At some point Allen found a sweet spot again and found it’s groove and reintensified back to a Cat 5 traveled through the Yucatan Channel and made landfall near South Padre Island and the Port Arthur area. A legend in it’s time and still one of the most intense hurricanes.

Now let’s look at Georges

Hurricane Georges

1998 a very stubborn Georges ignored NHC…

… kept missing chances to turn North.

I was back in Miami I remember it well.

It raveled across more land than ….

….any storm I could remember.

And, kept going strong .

Another rule breaker.

South Florida was a blaze with hype on Georges and only 6 years after Andrew they saw shades of Andrew in Georges and every other storm that looked as if it might come close. After an Andrew type hurricane the locals keep their guard up and pay close attention. As Georges approached the Islands the NHC suggested it might turn. Locals worry on hurricanes than come up over the Islands towards Florida. But no it went through the Islands and then it was suggested it would turn before PR. But it tracked across PR and without barely a burp ignoring any chances to deviate from it’s track and continued on to Hispaniola, totally ignoring weather experts insisting that the high mountains would disrupt it’s circulation and kill it off. It did have to catch it’s breath again after Hispaniola intensity wise and it kept going same direction despite any discussion of a coming turn. Miamians watched nervous as it approached Cuba and experts said it could turn soon by Cuba and many Old Timers remembered Cleo that did that trick before hitting Miami but…no it did not turn. I remember my daughter Dina, a young girl obsessed by hurricanes after Andrew turned to me exasperated at TWC and said “What don’t they get it’s going to keep going WNW until it’s ready to turn” and she was right. It did most of Cuba may I add before finally taking a small turn and trashing Key West on it’s way to yet another landfall near Biloxi impacting that whole region of MS/ALand the FL panhandle that once all belonged to the the Republic of Florida. 

Final Landfall of Georges.

From the start Georges was “that wave” the kind that rolled off of the African Coast by Dakar in Mid September with a circulation and signs of low pressure from the start. A mere two days later a closed circulation was observed and it was upgraded to Tropical Depression. Due to the steering currents that year, a strong High steered stubborn Georges across the Atlantic to it’s date with the St. Kitts and Antigua, PR, Hispaniola, Cuba, Key West and then the Gulf of Mexico coastline in Mississippi …and Alabama and parts of the Florida Panhandle that ALL got hit hard!

There was shear from an Upper Level Low but rather than curving up towards the North it continued on due to a strong High Pressure area and honestly it kind of followed the ULL as many hurricanes have over time. They either disrupt them, enhance them or become part of the overall steering currents for the hurricane. I will admit after every land interaction Georges did take a hit in intensity and then it bounced back and kept on going being referred to if I remember as the Energizer Bunny. 

“Once back over water, the hurricane began to re-intensify.” Basically was the pattern of Georges magical journey through the Caribbean.

Even at the end it stubbornly held on as seen from the NHC prelimnary report below.

“Georges became quasi-stationary for the next 6 to 12 hours moving in a
cyclonic loop over southern Mississippi. The tropical storm began moving in a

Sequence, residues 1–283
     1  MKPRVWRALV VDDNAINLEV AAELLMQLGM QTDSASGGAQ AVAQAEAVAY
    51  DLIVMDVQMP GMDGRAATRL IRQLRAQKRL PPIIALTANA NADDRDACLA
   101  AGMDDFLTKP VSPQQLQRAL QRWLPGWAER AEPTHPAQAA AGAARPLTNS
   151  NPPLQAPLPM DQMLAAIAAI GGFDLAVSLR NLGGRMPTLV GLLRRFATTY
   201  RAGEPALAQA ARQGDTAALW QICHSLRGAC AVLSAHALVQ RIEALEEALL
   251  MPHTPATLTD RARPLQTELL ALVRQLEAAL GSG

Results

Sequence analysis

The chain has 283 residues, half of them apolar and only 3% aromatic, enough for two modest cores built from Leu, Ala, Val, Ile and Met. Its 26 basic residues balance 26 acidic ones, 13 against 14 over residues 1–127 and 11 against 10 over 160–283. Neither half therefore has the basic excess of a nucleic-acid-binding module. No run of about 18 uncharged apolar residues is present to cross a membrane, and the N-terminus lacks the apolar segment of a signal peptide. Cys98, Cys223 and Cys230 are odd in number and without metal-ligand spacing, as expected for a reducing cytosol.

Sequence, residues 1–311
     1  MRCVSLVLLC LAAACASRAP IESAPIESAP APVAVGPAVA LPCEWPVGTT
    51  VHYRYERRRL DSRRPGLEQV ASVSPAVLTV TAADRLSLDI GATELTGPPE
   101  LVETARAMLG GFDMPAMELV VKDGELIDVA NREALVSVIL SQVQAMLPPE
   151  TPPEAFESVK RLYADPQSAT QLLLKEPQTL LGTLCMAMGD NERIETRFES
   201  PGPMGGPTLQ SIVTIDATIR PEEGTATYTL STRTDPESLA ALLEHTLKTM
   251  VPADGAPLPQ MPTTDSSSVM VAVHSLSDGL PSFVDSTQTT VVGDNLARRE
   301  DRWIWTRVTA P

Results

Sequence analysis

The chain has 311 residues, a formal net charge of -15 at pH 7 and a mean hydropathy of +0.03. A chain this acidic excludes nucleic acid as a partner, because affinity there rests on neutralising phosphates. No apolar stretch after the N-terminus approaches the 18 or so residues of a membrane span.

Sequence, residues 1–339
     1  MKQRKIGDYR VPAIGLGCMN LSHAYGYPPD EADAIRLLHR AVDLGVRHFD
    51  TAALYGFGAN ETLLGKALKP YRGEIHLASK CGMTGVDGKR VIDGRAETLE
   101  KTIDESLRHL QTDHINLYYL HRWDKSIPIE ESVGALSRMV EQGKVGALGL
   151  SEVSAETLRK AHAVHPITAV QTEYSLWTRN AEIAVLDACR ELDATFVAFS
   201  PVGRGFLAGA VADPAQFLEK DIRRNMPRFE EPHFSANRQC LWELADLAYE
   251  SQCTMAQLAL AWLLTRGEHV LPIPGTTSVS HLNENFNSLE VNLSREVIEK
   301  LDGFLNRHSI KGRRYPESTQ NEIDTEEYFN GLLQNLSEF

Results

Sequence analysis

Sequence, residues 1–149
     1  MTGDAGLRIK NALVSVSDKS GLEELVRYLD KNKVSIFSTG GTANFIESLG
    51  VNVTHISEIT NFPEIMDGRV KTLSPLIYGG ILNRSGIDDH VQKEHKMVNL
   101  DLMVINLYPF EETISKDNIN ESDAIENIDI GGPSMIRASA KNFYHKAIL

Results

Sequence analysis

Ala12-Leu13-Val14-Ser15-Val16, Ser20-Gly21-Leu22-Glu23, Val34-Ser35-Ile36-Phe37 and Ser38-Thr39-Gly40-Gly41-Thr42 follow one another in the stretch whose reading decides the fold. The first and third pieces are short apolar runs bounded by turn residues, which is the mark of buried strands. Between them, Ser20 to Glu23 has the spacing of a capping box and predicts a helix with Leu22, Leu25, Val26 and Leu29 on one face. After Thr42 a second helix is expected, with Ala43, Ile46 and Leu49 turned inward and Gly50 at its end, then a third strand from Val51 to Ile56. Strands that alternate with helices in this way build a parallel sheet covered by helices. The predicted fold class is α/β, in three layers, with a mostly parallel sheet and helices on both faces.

generally northeast to east direction early on the 29 and was downgraded to th
a tropical depression by mid-morning while located about 30 n mi northnortheast of Mobile, Alabama. Georges continued to move eastward at 5 to 10
knots on the 29th and 30th
. By early morning of 1 October, the system
dissipated near the northeast Florida/southeast Georgia coast, although a very
weak remnant low did emerge over the western Atlantic during the day.
However, the remnant circulation merged with a frontal zone”

Bottom Line.

While it was late in September that much of the drama with Georges was occuring it was a strong, stubborn, rule breaker hurricane that marched to it’s own beat and was a long tracker WNW most of the way as seen below similar to Beryl. Only when things changed and allowed it to nail Key West (an island that rarely gets hit dead on, much like Grenada) and move up towards the Upper Gulf of Mexico Coastline was the long tropical drama finally over. The clean up in all of those places it hit went on and on for a long time. 

How it was different from Beryl is that it is early July, not yet July 4th even, and while we do have fronts on the move they aren’t as strong and the High currently IS still strong. IF the frontal boundary gets stronger and the High weakens then we can talk on fantasy forecasting and wonder if Beryl has a chance at getting West of Texas and the Sabine River. I’m not shutting the door on it in anyway, just at the moment we are going with the track WNW into Tex/Mex or pulling to the right and flirting with Texas as Alberto did and the tropical Depression did and well is the 3rd time the charm? 

Again Beryl has a small core this is the biggest difference between it and Allen and Georges. Systems with a small core can intensify fast and they can also unravel fast. And, sometimes while unraveling in a big messy pocket the center can shirt to another strong area of convection further North or South and then the game changes. I’m not implying this will happen, I’ve seen it happen. I’ve seen a lot. Beryl has new tricks up it’s sleeve often, but eventually all hurricanes run out of time, water and land.

If you take this track,  move it to the West some.

You get a hurricane into Texas.. Sabine River.

But it can just as easily go to the Borderlands.

 Some models show a hook to the right this time.


What will Beryl do?

Beryl will do what the atmosphere allows.

If it sees or feels a door it’ll take it.

Especially if it stays strong.

But til then it’s gonna go WNW… 

Across Jamaica or below… 

(talking the eye)

Flooding happens far from the eye.

Remember that.

Stay tuned.

Thanks for reading.

I like writing.

I like hurricane history.

Good to look at History as …

..eventually it repeats.

But usually with some small deviation.

Sweet Tropical Dreams

Happy July 4th Holiday tomorrow.

Besos (kisses) BobbiStorm

(ppl in Miami say that even if not Cuban)

Because Miami…

I’ll update later in the day.

Kept this simple so could be a reference.

Texas or Mexico???

Link for Allen from NHC


2 Links for Georges



noreply@blogger.com (BobbiStorm)

2024-07-03 12:19:00